Under the NGA initiative -- on which Manchin and the group's staff began work months ago so they could hit the ground running when he took the reins at the association -- they would do so in a few key ways. The first is by agreeing on a set of common definitions and measures  that they will commit their states to using to measure their performance both in showing educational progress and in achieving outcomes. The outcome metrics would include degrees and certificates awarded, graduation rates, transfer rates, and time and credits to degree; the progress metrics would include enrollment in remedial education, how students fare after they leave remedial education, success in first-year college courses, credit accumulation, retention rates, and course completion.
While many institutions and states already collect data on many of those measures, the NGA initiative envisions improving on existing information by having states commit to collecting and publishing data for transfer students (as opposed to just first-time, full-time freshmen), by socioeconomic status, and in other ways that they don't now.
Manchin said he would exhort all of his colleagues to agree to adopt and begin reporting their performance on the new metrics -- and to commit as much in their State of the State addresses next winter.
"Comparable, reliable data are particularly important as states face more limited resources over the long term," the governors' group said in a document describing the proposed metrics. "Information on the progress and completion of students in higher education allows state leaders to track whether policies were successful and informs future funding decisions. Collecting and reporting data is a necessary first step for states as they seek to improve completion rates and efficiency in higher education" -- especially once those data are disaggregated by income, race and other factors that allow college leaders and policy makers to see how their policies and practices are playing out with specific, and narrower, groups of students.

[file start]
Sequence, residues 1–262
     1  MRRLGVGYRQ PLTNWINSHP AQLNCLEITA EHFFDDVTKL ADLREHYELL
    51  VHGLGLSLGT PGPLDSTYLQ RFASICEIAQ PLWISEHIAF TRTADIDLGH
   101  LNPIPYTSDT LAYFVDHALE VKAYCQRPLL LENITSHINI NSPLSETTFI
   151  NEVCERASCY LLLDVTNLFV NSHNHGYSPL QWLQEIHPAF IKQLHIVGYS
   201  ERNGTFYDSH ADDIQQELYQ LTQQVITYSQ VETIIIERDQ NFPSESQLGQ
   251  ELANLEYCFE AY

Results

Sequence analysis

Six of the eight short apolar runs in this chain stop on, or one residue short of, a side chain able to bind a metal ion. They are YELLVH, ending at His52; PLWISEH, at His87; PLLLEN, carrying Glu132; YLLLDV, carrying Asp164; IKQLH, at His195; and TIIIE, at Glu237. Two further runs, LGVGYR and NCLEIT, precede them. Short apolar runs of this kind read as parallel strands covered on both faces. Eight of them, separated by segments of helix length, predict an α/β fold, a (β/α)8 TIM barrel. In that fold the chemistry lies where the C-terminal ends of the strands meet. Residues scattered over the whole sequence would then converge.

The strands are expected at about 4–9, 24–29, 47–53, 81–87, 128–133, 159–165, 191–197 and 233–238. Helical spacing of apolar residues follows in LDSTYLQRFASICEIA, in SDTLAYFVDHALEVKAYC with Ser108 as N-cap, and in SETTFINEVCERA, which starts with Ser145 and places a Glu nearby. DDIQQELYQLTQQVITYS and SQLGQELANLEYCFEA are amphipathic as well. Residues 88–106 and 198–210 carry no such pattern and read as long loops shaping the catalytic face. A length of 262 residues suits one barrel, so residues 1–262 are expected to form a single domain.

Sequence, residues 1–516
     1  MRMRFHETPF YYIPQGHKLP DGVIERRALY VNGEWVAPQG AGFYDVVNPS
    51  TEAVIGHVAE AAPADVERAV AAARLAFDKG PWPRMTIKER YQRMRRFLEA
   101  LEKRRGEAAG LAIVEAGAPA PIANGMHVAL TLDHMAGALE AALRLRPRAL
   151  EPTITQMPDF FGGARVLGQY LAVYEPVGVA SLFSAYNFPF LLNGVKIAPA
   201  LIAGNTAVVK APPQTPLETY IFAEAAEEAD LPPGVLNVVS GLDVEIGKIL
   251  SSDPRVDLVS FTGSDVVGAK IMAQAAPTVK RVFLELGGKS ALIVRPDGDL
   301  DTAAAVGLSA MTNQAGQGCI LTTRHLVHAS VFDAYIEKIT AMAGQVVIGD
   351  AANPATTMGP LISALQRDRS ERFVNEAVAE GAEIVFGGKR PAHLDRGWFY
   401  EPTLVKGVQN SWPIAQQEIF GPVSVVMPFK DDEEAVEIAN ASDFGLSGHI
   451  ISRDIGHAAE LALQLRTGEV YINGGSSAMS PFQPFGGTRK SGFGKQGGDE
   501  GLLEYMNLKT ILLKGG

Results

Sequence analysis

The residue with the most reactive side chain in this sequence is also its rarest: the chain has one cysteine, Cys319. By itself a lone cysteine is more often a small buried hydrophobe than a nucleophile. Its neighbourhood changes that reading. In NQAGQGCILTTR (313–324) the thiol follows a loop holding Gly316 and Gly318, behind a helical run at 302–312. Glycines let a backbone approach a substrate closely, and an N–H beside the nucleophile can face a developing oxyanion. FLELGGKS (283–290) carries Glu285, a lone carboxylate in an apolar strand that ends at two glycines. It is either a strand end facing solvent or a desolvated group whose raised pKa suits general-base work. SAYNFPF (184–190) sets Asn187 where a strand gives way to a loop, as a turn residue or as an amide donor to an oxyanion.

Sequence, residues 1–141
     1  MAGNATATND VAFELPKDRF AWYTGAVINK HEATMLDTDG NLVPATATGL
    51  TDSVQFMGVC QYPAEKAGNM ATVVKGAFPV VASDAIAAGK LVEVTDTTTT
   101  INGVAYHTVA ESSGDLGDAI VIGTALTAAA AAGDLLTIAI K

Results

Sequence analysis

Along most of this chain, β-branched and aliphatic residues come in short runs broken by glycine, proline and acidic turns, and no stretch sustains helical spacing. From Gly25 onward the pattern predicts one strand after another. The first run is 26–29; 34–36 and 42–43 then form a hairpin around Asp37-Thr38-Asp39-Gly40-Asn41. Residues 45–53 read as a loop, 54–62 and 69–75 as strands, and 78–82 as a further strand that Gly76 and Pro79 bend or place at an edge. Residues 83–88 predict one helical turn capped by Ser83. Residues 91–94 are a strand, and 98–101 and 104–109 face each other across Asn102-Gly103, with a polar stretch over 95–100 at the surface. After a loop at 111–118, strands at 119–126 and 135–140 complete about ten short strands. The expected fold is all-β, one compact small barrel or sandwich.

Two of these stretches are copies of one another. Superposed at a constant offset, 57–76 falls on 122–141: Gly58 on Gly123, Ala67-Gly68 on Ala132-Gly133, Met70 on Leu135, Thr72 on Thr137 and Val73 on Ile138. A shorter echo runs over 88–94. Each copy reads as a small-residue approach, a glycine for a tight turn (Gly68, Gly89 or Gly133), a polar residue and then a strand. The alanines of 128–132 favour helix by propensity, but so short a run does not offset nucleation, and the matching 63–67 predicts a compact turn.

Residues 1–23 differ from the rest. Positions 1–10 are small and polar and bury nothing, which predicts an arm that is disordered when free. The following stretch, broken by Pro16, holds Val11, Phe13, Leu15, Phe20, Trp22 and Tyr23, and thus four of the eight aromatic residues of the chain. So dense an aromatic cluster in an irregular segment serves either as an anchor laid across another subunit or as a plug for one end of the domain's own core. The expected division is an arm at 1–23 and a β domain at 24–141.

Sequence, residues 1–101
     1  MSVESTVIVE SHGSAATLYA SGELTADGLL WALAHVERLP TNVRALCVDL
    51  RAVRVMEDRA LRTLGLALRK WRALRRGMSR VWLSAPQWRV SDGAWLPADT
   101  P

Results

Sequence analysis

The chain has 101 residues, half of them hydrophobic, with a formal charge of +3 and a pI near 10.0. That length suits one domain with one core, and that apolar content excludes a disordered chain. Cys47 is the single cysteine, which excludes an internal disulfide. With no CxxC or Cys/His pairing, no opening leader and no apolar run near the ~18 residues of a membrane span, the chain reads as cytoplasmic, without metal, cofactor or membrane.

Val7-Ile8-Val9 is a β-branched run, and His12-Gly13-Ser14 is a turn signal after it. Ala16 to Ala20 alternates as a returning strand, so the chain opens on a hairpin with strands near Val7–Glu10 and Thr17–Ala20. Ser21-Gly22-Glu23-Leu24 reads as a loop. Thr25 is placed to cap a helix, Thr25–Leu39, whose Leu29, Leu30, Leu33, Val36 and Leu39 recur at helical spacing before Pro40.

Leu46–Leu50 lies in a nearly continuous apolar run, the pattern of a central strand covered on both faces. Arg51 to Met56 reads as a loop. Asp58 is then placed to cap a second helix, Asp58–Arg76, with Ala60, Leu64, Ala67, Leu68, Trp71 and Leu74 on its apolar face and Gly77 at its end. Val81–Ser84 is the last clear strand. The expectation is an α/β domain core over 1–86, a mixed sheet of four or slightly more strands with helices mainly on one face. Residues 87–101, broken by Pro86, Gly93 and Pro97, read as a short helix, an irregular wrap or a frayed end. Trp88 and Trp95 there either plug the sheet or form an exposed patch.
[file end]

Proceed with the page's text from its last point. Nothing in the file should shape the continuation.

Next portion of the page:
Collecting data only takes you so far, though, by diagnosing the current situation and helping to set goals. The other parts of the NGA completion initiative involve a set of efforts aimed at drawing attention to (and potentially funding, through a grant program) successful practices that certain states have adopted in recent years in areas such as performance-based funding, remedial education, and more efficient ways of teaching lower-level courses and offering academic credit, especially for adult and other nontraditional learners.
The organization plans to host a national summit next winter in which it will bring together governors, state higher education executive officers, and public university presidents to work on comprehensive, cross-state strategies, hold a "learning institute" for governors' higher education, work force development, and finance aides, and provide grants to states for model programs and policies.